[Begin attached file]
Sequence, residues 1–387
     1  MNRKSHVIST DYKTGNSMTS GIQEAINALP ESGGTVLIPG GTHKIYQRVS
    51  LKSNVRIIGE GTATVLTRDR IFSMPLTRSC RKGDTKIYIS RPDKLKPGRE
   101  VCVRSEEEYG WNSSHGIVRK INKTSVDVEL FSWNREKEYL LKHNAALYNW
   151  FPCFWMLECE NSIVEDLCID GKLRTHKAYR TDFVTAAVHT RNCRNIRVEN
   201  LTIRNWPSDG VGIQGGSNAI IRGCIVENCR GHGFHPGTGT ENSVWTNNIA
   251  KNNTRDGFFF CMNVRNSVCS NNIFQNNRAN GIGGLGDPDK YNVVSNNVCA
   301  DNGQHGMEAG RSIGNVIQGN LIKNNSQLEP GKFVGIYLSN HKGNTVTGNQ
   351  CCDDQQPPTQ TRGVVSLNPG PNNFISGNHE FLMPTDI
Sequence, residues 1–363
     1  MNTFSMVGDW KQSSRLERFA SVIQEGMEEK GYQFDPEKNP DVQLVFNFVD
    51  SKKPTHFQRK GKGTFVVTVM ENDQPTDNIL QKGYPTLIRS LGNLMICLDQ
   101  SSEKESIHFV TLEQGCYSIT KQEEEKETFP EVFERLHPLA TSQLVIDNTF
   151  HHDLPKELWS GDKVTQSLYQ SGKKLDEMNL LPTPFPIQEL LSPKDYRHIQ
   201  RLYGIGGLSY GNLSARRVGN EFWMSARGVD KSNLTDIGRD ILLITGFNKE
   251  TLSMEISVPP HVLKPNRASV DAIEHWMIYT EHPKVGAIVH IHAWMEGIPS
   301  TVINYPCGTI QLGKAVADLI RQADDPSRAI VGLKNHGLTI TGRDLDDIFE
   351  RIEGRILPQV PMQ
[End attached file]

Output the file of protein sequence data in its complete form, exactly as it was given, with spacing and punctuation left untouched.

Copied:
Sequence, residues 1–387
     1  MNRKSHVIST DYKTGNSMTS GIQEAINALP ESGGTVLIPG GTHKIYQRVS
    51  LKSNVRIIGE GTATVLTRDR IFSMPLTRSC RKGDTKIYIS RPDKLKPGRE
   101  VCVRSEEEYG WNSSHGIVRK INKTSVDVEL FSWNREKEYL LKHNAALYNW
   151  FPCFWMLECE NSIVEDLCID GKLRTHKAYR TDFVTAAVHT RNCRNIRVEN
   201  LTIRNWPSDG VGIQGGSNAI IRGCIVENCR GHGFHPGTGT ENSVWTNNIA
   251  KNNTRDGFFF CMNVRNSVCS NNIFQNNRAN GIGGLGDPDK YNVVSNNVCA
   301  DNGQHGMEAG RSIGNVIQGN LIKNNSQLEP GKFVGIYLSN HKGNTVTGNQ
   351  CCDDQQPPTQ TRGVVSLNPG PNNFISGNHE FLMPTDI
Sequence, residues 1–363
     1  MNTFSMVGDW KQSSRLERFA SVIQEGMEEK GYQFDPEKNP DVQLVFNFVD
    51  SKKPTHFQRK GKGTFVVTVM ENDQPTDNIL QKGYPTLIRS LGNLMICLDQ
   101  SSEKESIHFV TLEQGCYSIT KQEEEKETFP EVFERLHPLA TSQLVIDNTF
   151  HHDLPKELWS GDKVTQSLYQ SGKKLDEMNL LPTPFPIQEL LSPKDYRHIQ
   201  RLYGIGGLSY GNLSARRVGN EFWMSARGVD KSNLTDIGRD ILLITGFNKE
   251  TLSMEISVPP HVLKPNRASV DAIEHWMIYT EHPKVGAIVH IHAWMEGIPS
   301  TVINYPCGTI QLGKAVADLI RQADDPSRAI VGLKNHGLTI TGRDLDDIFE
   351  RIEGRILPQV PMQ